(Videogame) “Inside” Review

“It’s an immaculately assembled, pitch-black joke that takes three and a half hours to tell.”


I know this game so so last year, but I just had the opportunity to play it a few weeks ago XD . I always love indie games, especially innovative ones, and Playdead’s “Inside” is a game that fulfills that criteria very well, maybe even taking it to the next level! Never have I been thinking so much about an indie game until I finished this one. So, for those don’t know, what’s the fuss all about?

“Inside” doesn’t have any dialogues. It is a game where you move around, jump around, swim around, and solve intriguing puzzles, and that’s basically it. Nevertheless, it is capable of telling a story through the gameplay; the setting is, well, some dystopian city where there are people wearing these ‘masks’, and they seem to have developed the technology of mind-control, or controlling seemingly lifeless human bodies. Moreover, there are mind-controlling parasites lingering around, and there are scientists performing weird experiments on….human? bodies? well, that aside, you play as a boy in a red shirt infiltrating the masked people’s facilities.



What a strange world it is!


The developers certainly gave much thought to the puzzles in the game; there are those where you would have to ponder quite a bit (but definitely not too confusing), and some offer really thrilling moments, one of them being when you are chased by a long-haired being while underwater that moves unusually fast! There is also this time where you would have to hide below a large pipe to avoid being detected by the moving lights, and many more unique puzzles for you to solve delightfully 😀 . As a puzzle game, quality puzzle is a must, and “Inside” delivers them like never before seen in previous games (unless you count in “Limbo”, which was made by the same developers).

The graphics are gorgeous! I know that the people don’t have any facial features, but that is not the primary point. The environment is beautiful and detailed, where you can really admire the surroundings despite its bleak, dark environment. The physics are great, too! you wouldn’t find any unsettling graphic errors where half your body will dive into the ground, or where the objects you threw float in a straight line without any other movements. The animation is really, really fluid; a detail includes when you move the boy to a dead end or a window, for example, the boy would put his hands on the wall. If it is a window, the boy will look outside the window. These small details can really add a lot to the game 🙂 .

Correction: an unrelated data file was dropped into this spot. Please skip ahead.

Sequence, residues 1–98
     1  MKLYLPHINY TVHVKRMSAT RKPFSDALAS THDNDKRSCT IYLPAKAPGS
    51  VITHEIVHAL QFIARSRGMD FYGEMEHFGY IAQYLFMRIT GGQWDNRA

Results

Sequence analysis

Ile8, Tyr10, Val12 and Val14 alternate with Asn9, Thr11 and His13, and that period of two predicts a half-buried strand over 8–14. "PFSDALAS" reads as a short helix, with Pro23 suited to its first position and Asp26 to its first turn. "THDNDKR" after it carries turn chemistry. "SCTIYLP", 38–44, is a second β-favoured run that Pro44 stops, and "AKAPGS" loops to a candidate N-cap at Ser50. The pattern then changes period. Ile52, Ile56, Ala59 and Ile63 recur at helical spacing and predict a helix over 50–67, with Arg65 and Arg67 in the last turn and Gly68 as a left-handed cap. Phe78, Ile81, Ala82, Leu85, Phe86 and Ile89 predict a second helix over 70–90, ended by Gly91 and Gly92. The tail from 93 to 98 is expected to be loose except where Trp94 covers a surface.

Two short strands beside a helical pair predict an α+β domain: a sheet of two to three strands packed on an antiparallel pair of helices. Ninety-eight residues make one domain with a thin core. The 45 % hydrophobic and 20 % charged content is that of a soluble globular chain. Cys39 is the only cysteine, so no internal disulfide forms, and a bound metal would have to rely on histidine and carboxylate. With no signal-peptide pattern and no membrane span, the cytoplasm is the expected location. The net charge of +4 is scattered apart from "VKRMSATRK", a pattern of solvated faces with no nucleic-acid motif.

Now then, the story. I won’t spoil anything here, so no worries! XD . As a game without dialogues, “Inside” tells its tale magnificently. Unlike my previously-reviewed game, “Brothers: A Tale of Two Sons”, “Inside” doesn’t have a definitive plotline. We do know the events occurring while playing the game, but we are given very little clue to what they mean. What are those experiments for? What are those lifeless bodies? Those parasitic slugs? there aren’t any explicit answers given to the player after they finish the game, even the secret ending doesn’t answer them (it only makes the game more confusing). The events, however, are neatly structured and can really be theorized upon! Those are not just some random, insignificant events, but we can really tell that they mean something. This is the good thing, the game tells a story without telling much, but it seems really rich and deep at the same time.


Be sure to hide very well!

Overall, “Inside” is one amazing game for me. It is not your average-puzzle platformer nor a usual game as a whole. It is unique, entertaining, and after finishing it, you will think about it, about the ending, about the characters, just everything. Then, you would create a little theory in your head, tying various events together, be surprised at how they can be added to one another, and even after that, you know there are many, many more possibilities in interpreting the story.

It is a game that stays with you for a long, long time.

Rating from me: 4.5/5


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